My Octopus Teacher showcases the Great African Sea Forest off the south-west tip of the African continent for the first time and features the rare and extraordinary footage of man’s unexpected bond with a curious little octopus.
My Octopus Teacher showcases the Great African Sea Forest off the south-west tip of the African continent for the first time and features the rare and extraordinary footage of man’s unexpected bond with a curious little octopus.

Inspiring a sea change for Africa

By Siphokazi Vuso Time of article published Sep 9, 2020

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Cape Town - Netflix’s first original South African documentary My Octopus Teacher hopes to inspire local and international interest in the Great African Sea Forest while creating awareness about marine conservation.

The groundbreaking documentary showcases the Great African Sea Forest off the south-west tip of the African continent for the first time and features the rare and extraordinary footage of man’s unexpected bond with a curious little octopus.

The documentary aired on Netflix yesterday and has been captivating film festivals worldwide.

It was directed by Cape Town film-maker and environmental journalist Pippa Ehrlich, co-directed by James Reed and produced by award-winning documentary filmmaker and co-founder of the Cape Town-based Sea Change Project,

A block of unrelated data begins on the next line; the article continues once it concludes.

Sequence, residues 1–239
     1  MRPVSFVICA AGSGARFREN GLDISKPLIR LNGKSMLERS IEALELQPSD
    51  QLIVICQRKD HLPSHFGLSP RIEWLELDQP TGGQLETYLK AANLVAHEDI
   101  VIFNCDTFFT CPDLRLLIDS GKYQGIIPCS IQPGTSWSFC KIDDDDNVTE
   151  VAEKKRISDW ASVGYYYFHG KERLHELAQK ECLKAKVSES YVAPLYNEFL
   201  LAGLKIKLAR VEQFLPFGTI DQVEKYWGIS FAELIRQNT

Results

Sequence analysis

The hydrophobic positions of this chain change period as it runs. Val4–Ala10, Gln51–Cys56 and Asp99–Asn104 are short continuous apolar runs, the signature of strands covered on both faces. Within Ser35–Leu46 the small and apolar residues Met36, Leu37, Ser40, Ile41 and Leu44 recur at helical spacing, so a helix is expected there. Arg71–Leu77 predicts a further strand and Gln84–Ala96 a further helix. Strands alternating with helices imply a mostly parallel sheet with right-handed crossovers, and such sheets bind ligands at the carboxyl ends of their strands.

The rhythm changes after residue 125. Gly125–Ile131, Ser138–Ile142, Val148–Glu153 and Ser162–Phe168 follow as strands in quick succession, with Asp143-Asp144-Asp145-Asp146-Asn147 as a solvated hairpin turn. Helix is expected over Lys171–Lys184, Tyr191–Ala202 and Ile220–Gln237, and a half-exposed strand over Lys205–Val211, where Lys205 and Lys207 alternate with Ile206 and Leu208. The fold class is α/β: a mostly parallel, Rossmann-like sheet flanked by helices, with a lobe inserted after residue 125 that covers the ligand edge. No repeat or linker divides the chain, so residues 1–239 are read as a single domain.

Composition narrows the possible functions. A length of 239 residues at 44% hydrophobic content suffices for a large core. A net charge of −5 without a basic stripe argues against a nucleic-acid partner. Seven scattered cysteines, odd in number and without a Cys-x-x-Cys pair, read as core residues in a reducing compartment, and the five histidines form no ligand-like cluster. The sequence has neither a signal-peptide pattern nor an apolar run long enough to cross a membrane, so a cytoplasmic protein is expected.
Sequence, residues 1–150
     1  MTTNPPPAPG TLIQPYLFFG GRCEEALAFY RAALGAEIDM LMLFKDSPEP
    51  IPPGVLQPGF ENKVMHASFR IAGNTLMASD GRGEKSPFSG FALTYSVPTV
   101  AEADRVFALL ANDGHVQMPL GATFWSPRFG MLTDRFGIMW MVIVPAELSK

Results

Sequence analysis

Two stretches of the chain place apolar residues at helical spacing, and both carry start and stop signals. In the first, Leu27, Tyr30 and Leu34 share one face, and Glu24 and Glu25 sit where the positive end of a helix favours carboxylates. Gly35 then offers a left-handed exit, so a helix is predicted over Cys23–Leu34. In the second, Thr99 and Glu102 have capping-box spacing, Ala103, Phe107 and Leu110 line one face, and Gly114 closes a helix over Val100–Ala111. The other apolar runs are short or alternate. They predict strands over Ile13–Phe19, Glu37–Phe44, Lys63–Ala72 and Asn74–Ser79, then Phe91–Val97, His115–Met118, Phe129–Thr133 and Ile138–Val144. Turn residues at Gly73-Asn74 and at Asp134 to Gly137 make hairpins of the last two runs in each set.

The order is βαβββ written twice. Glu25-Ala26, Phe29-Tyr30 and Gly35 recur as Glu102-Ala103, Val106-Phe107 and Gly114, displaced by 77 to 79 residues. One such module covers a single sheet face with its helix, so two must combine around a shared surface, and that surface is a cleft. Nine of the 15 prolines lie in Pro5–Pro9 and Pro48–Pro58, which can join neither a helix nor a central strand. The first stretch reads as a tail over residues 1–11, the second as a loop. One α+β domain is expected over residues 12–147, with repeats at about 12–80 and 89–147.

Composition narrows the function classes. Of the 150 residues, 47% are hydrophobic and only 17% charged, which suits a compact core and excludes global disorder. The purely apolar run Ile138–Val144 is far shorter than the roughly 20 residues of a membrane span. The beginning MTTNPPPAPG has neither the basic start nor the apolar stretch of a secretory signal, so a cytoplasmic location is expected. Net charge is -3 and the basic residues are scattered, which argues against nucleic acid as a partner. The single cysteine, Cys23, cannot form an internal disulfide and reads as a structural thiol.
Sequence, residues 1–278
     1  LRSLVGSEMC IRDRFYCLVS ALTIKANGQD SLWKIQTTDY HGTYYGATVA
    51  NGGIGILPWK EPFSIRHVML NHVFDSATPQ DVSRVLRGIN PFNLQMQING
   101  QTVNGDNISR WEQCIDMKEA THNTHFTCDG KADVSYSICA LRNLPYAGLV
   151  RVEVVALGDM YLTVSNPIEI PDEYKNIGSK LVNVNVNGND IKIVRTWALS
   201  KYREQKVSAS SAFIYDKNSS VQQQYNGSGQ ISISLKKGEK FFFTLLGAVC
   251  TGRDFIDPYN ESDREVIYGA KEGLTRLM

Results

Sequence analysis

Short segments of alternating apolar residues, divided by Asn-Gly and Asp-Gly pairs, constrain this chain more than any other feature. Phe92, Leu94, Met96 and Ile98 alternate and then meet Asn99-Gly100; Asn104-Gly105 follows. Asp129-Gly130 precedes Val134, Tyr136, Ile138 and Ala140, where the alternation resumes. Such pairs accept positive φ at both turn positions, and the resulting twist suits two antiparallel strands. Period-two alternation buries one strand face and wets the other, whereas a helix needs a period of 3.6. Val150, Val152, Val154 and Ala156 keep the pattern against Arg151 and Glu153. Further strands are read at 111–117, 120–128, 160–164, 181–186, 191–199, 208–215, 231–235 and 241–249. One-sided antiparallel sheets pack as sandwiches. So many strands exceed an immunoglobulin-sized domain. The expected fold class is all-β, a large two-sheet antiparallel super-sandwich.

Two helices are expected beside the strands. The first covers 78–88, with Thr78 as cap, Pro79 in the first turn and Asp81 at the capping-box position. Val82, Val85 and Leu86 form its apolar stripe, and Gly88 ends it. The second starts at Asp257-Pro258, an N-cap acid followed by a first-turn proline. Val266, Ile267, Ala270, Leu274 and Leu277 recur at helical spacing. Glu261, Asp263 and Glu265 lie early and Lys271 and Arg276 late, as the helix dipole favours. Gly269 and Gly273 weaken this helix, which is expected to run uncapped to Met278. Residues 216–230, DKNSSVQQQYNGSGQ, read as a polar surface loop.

Craig Foster.

Foster said their goal was to protect the marine environment by making the Great African Sea Forest a global icon.

“The aim of the Sea Change

Project is to tell stories that connect people to the wild, motivating them to become part of the regeneration of our planet,” said Foster.

The multi-award-winning documentary is also a collaboration between the Sea Change Project and Off the Fence Productions based in the Netherlands.

Ehrlich, who is a natural history film-maker and ocean storyteller, specialising in the field of marine science and conservation said it was an overwhelming feeling knowing that millions of people across the world were going to watch their film.

“This is very exciting for me as a film-maker, but also as a conservationist. We hope that the film will inspire local and international interest in The Great African Sea Forest and that people all over the world who have access to kelp forests will be encouraged to engage with them in a meaningful way, even if it’s just taking their kids snorkelling or rock-pooling.

“… on an international scale, we hope that the film inspires tourists to come to South Africa and visit the sea forest because we desperately need to create jobs that do not rely on the extraction of natural resources,” she said.

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